The persistence of cancer cells within an immune competent host occurs in part due to the suppression of the immune response, particularly of cytotoxic T lymphocytes (CTLs). This suppression may be caused by myeloid-derived suppressor cells, or MDSCs. MDSC accumulation is often seen in human cancer patients and tumor-bearing mice, particularly in lymphoid tissues including spleen, blood, and bone marrow. Cancer cells may use deregulated myelopoiesis and resultant MDSC accumulation as a mechanism of suppressing CTL-induced cytotoxicity, evading immune surveillance, and promoting tumor growth. The dynamic interactions between CTLs and MDSCs thereby determine whether cancer will regress or progress. Interferon Regulatory Factor 8 (IRF8) is a key transcription factor that regulates multiple immune cell processes, including immune cell lineage, particularly myeloid cell lineage differentiation. One key phenotype of IRF8 null mice is accumulation of MDSCs that phenotypically and functionally resemble tumor- induced MDSCs. In addition, IRF8 deficiency also impairs CTL differentiation in response to cytokine signaling under physiological conditions. IRF8 is thus a key regulator of both MDSCs and CTLs. In our preliminary studies, we observed that although IRF8 null mice accumulate MDSCs, surprisingly, mice with IRF8 deficiency only in myeloid cells do not present with significant MDSC accumulation. Instead, mice with IRF8 deficiency only in T cells accumulate MDSCs through a GM-CSF-dependent mechanism. Based on our preliminary observations, we hypothesize that IRF8 controls myelopoiesis through a cell-extrinsic mechanism and regulates CTL differentiation through a cell-intrinsic mechanism, thereby inhibiting MDSC suppressive activity and promoting anti-tumor CTL immunity. To test our hypothesis, we will investigate the following aims: 1) determine if IRF8 silencing promotes tumor persistence-including allograft tumor growth- through MDSC accumulation; and 2) test whether IRF8 is an essential regulator of antigen- specific CTL activation and differentiation in vivo, and if so, whether this regulation occurs in aT cell receptor (TCR) - dependent mechanism. Successful completion of this research project has the potential to develop an IRF8 mechanism-based therapy to control the interactions between MDSCs and CTLs, thereby strengthening CTL anti-cancer immunity in human cancer immunotherapy.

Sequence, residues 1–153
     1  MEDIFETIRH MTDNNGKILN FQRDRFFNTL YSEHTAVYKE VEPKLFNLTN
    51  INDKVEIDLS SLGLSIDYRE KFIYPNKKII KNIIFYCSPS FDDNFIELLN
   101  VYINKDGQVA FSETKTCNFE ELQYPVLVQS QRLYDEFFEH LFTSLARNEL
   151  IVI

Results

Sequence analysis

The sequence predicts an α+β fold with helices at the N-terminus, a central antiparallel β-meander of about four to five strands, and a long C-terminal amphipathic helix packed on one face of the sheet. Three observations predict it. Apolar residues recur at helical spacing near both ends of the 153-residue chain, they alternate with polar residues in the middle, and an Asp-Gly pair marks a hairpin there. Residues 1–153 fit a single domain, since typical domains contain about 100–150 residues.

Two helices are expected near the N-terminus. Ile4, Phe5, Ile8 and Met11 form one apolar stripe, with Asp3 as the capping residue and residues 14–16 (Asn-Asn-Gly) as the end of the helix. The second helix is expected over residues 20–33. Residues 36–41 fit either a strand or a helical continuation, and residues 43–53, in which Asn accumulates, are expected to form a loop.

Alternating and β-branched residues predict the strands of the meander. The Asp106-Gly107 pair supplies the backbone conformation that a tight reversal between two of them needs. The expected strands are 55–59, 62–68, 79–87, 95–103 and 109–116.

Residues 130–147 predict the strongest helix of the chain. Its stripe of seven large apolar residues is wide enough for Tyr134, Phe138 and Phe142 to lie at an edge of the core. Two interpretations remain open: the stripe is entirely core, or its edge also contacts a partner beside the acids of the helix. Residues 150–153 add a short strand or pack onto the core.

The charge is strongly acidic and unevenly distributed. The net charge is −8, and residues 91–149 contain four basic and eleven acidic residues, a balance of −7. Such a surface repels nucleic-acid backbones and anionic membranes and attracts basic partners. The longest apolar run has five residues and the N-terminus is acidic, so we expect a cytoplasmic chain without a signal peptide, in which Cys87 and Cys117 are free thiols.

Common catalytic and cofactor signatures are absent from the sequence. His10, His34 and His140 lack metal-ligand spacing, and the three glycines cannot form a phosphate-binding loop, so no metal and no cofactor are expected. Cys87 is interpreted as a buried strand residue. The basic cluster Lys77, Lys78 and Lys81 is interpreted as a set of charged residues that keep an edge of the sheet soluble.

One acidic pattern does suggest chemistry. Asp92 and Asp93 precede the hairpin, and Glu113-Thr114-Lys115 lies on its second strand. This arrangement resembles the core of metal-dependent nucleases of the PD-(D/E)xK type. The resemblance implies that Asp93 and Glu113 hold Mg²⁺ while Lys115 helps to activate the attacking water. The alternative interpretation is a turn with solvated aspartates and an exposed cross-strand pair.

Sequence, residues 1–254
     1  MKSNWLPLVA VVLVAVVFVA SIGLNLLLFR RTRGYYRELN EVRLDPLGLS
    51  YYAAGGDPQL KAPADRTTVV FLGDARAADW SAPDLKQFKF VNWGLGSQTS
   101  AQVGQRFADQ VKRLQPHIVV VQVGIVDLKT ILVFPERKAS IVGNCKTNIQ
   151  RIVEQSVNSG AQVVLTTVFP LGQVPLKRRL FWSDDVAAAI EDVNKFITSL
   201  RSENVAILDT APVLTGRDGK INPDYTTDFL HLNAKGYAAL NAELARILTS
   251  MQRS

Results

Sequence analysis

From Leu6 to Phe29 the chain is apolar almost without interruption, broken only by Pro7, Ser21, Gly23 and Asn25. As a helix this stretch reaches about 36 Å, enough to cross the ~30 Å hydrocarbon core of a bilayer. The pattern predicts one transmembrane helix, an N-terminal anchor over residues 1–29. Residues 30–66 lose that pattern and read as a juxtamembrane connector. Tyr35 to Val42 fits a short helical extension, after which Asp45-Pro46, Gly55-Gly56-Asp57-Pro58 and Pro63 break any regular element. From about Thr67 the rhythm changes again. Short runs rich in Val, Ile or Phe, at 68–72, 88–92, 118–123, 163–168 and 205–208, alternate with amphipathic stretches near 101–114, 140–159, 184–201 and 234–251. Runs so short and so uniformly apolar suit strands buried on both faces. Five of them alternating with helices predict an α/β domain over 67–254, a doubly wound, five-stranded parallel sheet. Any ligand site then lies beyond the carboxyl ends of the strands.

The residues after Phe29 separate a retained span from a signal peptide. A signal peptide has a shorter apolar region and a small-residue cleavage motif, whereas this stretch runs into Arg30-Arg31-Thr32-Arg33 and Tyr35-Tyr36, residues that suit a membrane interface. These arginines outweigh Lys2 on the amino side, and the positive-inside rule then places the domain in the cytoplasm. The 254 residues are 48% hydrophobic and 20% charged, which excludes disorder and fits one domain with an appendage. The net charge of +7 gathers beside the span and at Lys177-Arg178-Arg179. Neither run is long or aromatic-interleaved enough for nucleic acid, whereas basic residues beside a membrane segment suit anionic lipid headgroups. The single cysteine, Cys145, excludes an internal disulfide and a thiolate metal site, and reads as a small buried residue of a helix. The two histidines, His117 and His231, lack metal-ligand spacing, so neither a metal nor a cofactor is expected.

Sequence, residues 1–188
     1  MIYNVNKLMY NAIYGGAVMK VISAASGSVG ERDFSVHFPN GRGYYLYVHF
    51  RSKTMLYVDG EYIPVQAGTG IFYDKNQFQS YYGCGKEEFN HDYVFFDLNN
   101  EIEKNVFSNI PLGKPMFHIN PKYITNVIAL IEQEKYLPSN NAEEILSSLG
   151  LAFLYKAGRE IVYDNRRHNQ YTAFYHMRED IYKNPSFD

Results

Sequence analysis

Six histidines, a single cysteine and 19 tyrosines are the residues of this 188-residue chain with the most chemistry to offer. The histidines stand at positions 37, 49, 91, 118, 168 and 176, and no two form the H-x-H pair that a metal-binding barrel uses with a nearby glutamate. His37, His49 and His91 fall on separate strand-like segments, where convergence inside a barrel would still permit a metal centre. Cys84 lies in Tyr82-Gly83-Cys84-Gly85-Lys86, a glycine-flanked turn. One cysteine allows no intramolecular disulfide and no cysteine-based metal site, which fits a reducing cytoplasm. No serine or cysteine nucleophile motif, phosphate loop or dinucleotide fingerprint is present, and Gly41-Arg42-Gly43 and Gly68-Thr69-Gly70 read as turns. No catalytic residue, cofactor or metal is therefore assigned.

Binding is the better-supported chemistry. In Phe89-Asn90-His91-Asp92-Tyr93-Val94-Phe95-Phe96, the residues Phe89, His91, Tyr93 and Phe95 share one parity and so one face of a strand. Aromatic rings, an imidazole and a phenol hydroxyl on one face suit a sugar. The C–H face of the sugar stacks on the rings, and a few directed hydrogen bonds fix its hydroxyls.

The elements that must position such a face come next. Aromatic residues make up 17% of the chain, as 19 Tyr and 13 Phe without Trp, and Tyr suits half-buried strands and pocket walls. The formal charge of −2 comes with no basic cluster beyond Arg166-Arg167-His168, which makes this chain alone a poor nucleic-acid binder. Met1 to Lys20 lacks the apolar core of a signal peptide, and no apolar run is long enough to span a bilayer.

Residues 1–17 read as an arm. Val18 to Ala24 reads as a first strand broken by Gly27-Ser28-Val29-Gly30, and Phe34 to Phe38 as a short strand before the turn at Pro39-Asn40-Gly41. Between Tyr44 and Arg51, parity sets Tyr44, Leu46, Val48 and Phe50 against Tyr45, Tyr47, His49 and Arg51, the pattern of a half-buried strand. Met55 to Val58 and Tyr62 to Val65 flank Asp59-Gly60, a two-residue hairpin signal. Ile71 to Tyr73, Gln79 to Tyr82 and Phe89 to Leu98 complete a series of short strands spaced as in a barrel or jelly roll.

Public Health Relevance

Successful completion of this research project has great potential to develop an IRF8 mechanism-based therapy to control the interactions between MDSCs and CTLs, thereby strengthening CTL anti-cancer immunity to increase the efficacy of human cancer immunotherapy.

National Institute of Health (NIH)
National Institute of Allergy and Infectious Diseases (NIAID)
Predoctoral Individual National Research Service Award (F31)
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Special Emphasis Panel (ZRG1)
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Gondre-Lewis, Timothy A
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Georgia Regents University
Schools of Medicine
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